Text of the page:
Another civilian enterprise on the fort was the mess house built for the accommodation of officers and run by Lewis and Elizabeth Stone. The Stones had owned and operated a hotel in Minnesota and traveled with an ox team to Denver, where they met Dr. Timothy Smith, the fort's doctor. Smith asked the Stones to move to the fort to operate the officers' boarding house. Elizabeth Stone prepared much appreciated meals for the soldiers and they fondly called her "Auntie" (See Figure 4), a nickname by which she is widely referred to today.
Auntie Stone was born in 1801 in Hartford, Connecticut, and had been married to Ezekiel Robbins, a physician. The Robbins family established a store, R. H. Robbins and Sons, in St. Louis during the fur trade era. Moving to Illinois in 1840, Ezekiel Robbins became a state representative. He died in 1852, leaving Elizabeth a substantial fortune and several small children. She raised her family, and at the age of fifty-five met and married Lewis Stone. When Lewis Stone died in 1866, Elizabeth decided to stay on and continue operating the boarding house at Fort Collins. In 1866, her niece, Elizabeth Keays brought her son to the post and started a school in one of the rooms of Auntie Stone's cabin, thus establishing the first school in Fort Collins. Auntie Stone was instrumental in the development of the town of Fort Collins, becoming associated with several significant business enterprises.
The growing settlement and development of the area around the fort was recognized by the federal government, which completed land surveys in certain portions of the county by 1864. In that year, Deputy Surveyor William Ashley reported that Township 7 North, Range 69 West had a quantity of good farming land, especially along the Cache la Poudre River. In addition, Ashley noted that the town of Laporte was well established to the north and suggested that land surrounding it should be subdivided. In the same year, Hiram Witter surveyed portions of the township and declared that the land along the Cache la Poudre was first rate farming land and was already occupied by settlers. Witter also stated that the bluffs held first rate pasture land and he had seen some good meadow land in the vicinity.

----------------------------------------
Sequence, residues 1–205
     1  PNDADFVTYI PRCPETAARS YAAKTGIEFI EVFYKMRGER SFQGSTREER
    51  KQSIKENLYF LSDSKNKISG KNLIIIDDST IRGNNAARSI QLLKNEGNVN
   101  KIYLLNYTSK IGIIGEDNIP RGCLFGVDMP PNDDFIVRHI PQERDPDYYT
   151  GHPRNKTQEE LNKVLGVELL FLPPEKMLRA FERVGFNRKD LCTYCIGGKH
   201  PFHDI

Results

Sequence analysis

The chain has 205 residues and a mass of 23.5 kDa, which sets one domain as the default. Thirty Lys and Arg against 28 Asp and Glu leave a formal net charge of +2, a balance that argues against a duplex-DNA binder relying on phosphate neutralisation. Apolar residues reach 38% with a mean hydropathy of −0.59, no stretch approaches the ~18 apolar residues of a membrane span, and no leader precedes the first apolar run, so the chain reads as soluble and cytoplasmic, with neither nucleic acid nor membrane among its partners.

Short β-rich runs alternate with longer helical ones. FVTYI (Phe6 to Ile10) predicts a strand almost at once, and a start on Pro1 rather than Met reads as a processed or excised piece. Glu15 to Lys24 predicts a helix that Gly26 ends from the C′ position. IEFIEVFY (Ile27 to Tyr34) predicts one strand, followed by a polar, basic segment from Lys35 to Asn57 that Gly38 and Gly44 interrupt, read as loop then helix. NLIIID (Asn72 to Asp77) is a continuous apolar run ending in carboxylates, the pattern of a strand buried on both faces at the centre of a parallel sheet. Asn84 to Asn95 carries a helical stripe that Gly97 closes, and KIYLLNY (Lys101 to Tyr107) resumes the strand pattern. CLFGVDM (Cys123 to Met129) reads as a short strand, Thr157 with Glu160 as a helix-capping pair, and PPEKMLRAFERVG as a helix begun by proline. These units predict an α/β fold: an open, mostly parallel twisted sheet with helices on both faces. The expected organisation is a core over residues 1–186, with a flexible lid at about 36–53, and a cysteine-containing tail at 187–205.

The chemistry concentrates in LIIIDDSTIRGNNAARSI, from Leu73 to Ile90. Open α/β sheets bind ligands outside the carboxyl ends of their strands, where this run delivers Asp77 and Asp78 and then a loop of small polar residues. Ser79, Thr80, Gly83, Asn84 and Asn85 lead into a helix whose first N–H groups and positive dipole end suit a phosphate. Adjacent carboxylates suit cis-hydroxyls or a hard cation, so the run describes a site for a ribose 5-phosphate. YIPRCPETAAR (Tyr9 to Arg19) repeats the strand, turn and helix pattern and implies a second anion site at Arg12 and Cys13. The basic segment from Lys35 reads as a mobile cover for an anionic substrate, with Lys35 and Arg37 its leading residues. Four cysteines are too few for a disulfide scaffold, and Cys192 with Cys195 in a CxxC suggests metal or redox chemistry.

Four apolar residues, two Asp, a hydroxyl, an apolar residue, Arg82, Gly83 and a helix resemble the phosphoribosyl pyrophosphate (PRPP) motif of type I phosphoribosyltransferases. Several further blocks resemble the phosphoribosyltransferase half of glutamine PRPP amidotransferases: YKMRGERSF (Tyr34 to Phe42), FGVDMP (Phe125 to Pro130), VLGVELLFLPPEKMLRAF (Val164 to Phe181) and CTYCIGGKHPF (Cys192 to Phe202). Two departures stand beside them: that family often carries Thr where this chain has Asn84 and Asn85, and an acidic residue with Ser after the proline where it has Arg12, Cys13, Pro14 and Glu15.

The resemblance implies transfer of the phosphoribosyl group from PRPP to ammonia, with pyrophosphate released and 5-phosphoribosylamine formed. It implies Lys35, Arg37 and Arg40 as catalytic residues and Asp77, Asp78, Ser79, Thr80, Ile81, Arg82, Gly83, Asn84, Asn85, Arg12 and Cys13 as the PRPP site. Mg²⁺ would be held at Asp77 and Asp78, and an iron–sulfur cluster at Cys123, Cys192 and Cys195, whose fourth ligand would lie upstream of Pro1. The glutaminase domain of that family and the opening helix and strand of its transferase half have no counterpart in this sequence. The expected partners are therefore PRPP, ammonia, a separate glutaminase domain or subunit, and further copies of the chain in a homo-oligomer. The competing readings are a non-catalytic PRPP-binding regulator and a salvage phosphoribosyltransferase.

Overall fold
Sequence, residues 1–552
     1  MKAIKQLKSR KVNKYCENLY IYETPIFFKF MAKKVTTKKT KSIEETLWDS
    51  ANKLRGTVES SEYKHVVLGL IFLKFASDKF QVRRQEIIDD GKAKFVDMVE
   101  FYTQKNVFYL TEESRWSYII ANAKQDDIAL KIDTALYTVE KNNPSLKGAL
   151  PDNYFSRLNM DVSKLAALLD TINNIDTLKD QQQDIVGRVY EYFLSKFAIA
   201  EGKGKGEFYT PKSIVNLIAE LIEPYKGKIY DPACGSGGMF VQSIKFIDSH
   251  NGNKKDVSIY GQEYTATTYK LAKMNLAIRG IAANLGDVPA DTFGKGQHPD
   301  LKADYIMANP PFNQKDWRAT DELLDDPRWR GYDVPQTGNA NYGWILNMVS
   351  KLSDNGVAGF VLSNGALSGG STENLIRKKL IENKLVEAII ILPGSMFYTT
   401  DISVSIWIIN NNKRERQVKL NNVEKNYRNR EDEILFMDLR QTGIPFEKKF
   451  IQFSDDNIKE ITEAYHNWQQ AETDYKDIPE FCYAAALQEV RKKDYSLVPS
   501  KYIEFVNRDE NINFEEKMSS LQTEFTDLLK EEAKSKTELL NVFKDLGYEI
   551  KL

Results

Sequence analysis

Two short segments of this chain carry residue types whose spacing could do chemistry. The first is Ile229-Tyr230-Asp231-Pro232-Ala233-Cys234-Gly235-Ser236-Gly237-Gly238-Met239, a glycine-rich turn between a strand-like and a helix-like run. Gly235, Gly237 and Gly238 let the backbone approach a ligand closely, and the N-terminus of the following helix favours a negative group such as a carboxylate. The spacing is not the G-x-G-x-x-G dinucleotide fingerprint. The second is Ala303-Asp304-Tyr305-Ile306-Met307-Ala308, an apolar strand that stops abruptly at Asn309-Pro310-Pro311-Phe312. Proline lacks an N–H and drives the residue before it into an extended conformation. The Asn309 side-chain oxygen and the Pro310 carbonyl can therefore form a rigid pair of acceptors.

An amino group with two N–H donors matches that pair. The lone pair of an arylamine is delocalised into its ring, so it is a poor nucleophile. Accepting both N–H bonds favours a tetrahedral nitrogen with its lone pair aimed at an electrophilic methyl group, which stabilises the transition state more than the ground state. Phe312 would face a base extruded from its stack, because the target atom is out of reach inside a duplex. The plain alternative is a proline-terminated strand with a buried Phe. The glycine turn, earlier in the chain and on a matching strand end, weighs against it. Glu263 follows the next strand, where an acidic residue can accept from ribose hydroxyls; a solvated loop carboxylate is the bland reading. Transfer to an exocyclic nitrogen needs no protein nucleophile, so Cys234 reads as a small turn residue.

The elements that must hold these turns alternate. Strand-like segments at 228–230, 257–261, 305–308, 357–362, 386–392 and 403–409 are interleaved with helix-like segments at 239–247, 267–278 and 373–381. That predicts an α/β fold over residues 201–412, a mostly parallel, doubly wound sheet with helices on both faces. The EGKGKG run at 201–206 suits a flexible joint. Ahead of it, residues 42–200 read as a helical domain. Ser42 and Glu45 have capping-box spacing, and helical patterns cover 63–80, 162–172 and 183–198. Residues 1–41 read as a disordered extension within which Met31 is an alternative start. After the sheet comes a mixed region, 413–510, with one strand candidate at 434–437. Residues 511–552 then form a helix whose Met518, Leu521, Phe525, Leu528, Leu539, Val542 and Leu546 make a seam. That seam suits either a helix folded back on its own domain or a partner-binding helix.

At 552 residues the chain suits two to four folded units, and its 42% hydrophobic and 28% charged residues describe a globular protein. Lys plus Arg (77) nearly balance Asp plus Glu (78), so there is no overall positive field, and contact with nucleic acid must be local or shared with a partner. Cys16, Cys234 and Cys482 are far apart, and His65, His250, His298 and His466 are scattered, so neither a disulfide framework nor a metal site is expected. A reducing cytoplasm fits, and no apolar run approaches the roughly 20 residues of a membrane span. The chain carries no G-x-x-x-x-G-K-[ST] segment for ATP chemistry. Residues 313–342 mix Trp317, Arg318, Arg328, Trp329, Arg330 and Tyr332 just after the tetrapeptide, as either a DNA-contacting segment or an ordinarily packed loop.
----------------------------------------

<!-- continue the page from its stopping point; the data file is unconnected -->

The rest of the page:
The Colorado Gold Rush, Early Settlement and the Creation of Fort Collins, 1844-1864. This context begins with the 1844 land claim of Antoine Janis and ends with the establishment of the military post, Fort Collins, in 1864.
Property types associated with early settlement could include cabins and houses; farms and associated structures such as barns, sheds, silos, other outbuildings, fences, corrals, roads, and ditches; and stage routes and stations, along with associated structures. Property types associated with the military post could include such features as the site of the fort and the one extant building from the post, the officers' mess house known today the Auntie Stone cabin. Property types associated with Native American groups could include features such as camp sites, hunting and burial grounds, and trails.
Log Cabins/Houses. Pioneer settlers began life in the vicinity of Fort Collins with simple structures which could be quickly erected with a minimum amount of labor and materials. The earliest cabins and houses were built of logs hauled from the nearby mountains to the construction site. Foundations were of stone or dirt. The earliest buildings were of simple design and small size. In the most primitive structures, logs were left round and untrimmed. Generally, logs were flattened on two sides for ease of construction. A variety of log joints or notches were utilized, according to the builder's preferences, including full or half-dovetail notches, V notch, square notch, and saddle notch. Sod or hand-hewn wood shakes were commonly utilized for roofing material and chimneys were generally built of logs and mud or local stone. Manufactured materials, such as window glass, nails, and milled lumber had to be brought from Denver and were not readily available to earliest settlers. Windows could be added after the building was constructed and were generally of small panes of glass which was more easily transportable. Log cabins were expanded through additions as needed and few one-room cabins are extant.